Heineken Speeds Past Rivals on Strong Growth in Asian DemandBy
Revenue increase fueled by gains for Tiger beer in Vietnam
Brewer’s first-half operating profit beats estimates
Heineken NV, the world’s second-largest brewer, outshone rival consumer-goods companies in the first six months of the year as emerging economies in Asia and Africa drove growth.
Revenue increased 5.7 percent in the first half as the Dutch brewer took the crown as the industry’s best performer from Budweiser-maker Anheuser-Busch InBev NV. Heineken’s beer volume grew fastest in the Asia-Pacific region as demand for its Tiger brand surged in Vietnam, one of the company’s largest markets alongside Mexico and Nigeria.
“We delivered strong results in the first half year, with all four regions contributing positively to organic growth in volume, revenue and operating profit,” Chief Executive Officer Jean-Francois van Boxmeer said in a statement. Heineken shares were down 0.6 percent in early trading in Amsterdam.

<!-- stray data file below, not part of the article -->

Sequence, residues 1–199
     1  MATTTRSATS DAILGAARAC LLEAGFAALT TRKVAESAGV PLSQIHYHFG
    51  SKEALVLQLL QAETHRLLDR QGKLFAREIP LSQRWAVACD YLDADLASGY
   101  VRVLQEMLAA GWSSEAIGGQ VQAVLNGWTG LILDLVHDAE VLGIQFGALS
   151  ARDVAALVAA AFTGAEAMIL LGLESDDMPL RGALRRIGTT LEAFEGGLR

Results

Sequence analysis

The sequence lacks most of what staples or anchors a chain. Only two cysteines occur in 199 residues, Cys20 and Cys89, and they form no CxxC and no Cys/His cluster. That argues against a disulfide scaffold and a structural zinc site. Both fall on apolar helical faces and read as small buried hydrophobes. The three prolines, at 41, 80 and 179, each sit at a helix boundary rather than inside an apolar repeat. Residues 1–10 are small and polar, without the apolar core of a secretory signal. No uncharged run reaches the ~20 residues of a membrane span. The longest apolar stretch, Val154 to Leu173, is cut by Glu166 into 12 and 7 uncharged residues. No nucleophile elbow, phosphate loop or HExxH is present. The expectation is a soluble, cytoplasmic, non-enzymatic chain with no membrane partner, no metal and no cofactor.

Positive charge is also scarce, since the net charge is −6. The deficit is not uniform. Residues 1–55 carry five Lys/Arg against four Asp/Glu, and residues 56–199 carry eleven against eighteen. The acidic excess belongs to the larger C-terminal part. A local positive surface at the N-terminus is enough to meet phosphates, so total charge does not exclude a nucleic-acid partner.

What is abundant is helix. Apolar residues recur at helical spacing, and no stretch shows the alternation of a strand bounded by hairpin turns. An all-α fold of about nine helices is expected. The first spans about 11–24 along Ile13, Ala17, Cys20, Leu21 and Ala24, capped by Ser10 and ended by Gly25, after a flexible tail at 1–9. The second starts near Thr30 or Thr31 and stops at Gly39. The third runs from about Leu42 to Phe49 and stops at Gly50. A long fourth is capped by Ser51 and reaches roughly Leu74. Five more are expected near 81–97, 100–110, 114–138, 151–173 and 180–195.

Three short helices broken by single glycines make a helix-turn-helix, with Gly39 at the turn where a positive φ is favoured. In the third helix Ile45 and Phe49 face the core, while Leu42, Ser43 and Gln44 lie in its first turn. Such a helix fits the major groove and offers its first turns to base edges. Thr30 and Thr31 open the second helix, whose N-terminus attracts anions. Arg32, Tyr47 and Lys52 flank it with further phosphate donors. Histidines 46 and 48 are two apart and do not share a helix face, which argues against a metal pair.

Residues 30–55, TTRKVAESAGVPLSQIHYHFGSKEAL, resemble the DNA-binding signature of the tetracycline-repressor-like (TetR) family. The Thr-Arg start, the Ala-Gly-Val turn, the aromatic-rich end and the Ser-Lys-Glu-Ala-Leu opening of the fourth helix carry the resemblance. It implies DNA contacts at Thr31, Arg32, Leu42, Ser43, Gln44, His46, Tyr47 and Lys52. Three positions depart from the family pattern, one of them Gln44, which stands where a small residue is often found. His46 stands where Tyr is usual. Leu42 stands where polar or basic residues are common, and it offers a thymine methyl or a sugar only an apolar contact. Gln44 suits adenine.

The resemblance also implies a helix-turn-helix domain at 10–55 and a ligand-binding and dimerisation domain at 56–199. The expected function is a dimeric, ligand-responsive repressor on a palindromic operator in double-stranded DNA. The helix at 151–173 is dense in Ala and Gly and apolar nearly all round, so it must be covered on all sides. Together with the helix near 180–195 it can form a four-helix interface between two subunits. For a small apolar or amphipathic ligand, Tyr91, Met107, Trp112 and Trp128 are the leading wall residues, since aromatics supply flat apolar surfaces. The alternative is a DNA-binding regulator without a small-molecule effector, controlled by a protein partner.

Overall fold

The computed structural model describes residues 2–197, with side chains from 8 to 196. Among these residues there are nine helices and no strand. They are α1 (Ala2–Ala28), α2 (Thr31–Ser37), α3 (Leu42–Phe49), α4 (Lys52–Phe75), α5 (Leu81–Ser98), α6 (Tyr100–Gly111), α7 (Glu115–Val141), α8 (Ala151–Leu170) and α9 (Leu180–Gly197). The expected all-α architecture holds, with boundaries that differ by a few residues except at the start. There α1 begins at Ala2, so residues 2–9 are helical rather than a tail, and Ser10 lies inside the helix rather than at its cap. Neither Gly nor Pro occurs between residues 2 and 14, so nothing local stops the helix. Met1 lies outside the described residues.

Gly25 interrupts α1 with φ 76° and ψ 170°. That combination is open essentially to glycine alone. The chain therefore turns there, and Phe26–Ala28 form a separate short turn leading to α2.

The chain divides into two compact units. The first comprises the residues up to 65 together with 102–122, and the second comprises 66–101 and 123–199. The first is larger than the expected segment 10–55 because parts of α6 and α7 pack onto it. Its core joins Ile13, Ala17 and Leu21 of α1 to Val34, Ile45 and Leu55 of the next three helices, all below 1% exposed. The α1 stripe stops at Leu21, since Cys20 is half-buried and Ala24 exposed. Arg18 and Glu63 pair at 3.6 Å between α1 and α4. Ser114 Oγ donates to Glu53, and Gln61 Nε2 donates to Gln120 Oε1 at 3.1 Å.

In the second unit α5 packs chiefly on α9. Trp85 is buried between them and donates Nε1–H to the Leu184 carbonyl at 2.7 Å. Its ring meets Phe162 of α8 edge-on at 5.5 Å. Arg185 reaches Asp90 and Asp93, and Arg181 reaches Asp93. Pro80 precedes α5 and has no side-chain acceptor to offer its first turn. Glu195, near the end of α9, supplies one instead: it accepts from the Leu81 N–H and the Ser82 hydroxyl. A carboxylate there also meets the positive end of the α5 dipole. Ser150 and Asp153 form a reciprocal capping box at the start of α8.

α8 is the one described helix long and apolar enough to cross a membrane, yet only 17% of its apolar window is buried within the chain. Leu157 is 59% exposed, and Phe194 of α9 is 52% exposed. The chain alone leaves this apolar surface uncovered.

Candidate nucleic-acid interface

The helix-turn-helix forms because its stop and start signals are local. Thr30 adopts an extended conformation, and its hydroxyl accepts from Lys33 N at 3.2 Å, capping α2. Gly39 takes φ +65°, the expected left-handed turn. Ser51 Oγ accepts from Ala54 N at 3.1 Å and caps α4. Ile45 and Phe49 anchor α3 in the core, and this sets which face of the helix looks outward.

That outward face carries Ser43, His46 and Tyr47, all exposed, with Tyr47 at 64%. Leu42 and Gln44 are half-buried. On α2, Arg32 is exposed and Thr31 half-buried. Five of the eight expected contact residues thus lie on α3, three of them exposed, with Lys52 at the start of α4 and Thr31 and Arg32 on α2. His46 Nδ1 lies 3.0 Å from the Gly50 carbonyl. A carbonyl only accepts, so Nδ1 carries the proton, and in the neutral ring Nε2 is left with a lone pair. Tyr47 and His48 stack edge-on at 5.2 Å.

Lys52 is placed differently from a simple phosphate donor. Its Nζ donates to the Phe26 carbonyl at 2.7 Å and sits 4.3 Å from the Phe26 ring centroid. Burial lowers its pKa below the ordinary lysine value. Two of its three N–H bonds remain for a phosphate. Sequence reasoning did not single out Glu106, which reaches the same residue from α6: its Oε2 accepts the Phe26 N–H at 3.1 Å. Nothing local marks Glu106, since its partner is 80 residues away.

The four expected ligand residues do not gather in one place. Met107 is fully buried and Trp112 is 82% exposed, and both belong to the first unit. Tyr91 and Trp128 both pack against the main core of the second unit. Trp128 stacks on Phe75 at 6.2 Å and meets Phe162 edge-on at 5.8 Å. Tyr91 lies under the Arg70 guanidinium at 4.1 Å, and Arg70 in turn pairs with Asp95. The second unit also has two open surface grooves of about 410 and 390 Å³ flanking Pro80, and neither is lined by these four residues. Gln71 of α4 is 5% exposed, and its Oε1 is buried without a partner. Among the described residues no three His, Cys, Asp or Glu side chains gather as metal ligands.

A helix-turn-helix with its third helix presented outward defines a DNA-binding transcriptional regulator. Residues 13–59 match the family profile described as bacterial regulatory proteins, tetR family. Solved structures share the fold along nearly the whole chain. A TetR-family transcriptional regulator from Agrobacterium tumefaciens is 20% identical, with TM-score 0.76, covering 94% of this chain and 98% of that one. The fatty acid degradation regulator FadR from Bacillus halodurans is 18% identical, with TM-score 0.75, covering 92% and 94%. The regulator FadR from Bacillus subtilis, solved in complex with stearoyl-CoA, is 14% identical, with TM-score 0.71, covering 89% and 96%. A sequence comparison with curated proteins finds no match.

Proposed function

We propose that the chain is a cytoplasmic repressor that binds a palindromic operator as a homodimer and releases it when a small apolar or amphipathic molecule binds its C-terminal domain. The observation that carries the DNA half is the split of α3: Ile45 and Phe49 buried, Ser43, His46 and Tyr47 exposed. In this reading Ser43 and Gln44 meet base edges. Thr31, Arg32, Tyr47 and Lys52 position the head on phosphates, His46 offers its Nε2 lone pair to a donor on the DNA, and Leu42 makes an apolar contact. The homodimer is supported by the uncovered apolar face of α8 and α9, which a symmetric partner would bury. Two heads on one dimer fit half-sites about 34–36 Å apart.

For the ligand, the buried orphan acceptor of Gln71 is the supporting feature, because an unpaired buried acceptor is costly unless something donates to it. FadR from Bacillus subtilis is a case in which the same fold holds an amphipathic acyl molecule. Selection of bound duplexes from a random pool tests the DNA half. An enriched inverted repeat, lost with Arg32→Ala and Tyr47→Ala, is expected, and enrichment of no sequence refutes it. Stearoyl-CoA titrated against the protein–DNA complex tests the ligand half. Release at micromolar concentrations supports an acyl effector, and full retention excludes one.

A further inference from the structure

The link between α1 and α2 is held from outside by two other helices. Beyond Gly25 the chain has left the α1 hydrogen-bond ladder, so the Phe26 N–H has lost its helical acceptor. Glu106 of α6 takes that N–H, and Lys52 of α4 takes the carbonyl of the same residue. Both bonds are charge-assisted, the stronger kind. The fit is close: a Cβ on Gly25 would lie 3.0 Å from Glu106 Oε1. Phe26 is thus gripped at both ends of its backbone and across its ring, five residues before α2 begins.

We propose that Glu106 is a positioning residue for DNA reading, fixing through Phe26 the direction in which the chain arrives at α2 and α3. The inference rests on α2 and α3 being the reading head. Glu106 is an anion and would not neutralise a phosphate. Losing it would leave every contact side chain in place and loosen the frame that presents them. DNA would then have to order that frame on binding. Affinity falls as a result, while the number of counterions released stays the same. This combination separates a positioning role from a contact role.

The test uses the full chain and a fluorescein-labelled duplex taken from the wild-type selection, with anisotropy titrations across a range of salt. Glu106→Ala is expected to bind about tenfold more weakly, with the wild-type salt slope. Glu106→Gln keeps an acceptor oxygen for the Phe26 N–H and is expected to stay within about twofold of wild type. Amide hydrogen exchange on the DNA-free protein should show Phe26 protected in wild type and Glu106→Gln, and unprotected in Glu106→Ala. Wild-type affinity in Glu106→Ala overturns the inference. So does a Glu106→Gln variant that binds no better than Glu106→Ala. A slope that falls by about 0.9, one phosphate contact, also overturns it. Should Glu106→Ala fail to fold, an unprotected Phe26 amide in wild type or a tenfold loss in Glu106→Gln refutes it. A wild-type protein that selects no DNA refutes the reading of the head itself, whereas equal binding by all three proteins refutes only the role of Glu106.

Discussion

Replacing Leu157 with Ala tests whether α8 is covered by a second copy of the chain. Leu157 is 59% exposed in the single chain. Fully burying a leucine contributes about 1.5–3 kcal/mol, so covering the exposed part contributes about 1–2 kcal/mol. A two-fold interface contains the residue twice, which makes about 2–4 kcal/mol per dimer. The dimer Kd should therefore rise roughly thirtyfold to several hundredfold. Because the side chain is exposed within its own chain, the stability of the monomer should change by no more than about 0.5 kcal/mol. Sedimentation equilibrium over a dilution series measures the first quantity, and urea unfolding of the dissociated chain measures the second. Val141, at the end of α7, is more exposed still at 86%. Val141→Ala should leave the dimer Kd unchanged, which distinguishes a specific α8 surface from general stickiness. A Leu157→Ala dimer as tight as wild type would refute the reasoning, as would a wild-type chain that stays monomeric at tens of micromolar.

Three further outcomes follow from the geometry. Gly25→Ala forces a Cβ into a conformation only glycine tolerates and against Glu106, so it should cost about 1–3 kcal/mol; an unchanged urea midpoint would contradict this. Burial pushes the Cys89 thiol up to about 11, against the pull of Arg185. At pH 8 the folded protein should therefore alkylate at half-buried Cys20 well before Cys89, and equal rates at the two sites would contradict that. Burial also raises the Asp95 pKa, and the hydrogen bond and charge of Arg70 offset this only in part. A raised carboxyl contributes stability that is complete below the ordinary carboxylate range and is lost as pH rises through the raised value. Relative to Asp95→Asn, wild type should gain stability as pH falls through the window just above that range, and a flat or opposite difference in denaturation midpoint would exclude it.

Adjusted operating profit rose 5.9 percent to 1.81 billion euros ($2.12 billion), the Amsterdam-based company said. Analysts expected 1.75 billion euros. Anheuser-Busch InBev NV reported earnings that soared past estimates last week on cost-cutting after its acquisition of SABMiller. Heineken has bid for 1,900 pubs from Punch Taverns in the U.K. and is doubling down on investment in Africa, having opened a brewery in Ivory Coast this year and expanded operations in the Democratic Republic of the Congo.
Conditions in Russia and Africa will remain challenging in the second half, Van Boxmeer said in an interview. The company’s outlook in Nigeria is improving on the country’s slightly higher oil output, Chief Financial Officer Laurence Debroux said.
Total beer volume rose 2.6 percent on an organic basis, compared with the estimate of 1.8 percent, as Heineken seeks to quench the thirst of developing markets outside Europe, which account for about half of its turnover.
A strong underlying performance is likely to be offset by recent gains in the euro, leaving full-year profit estimates “broadly unchanged,” Jefferies analysts said in a note.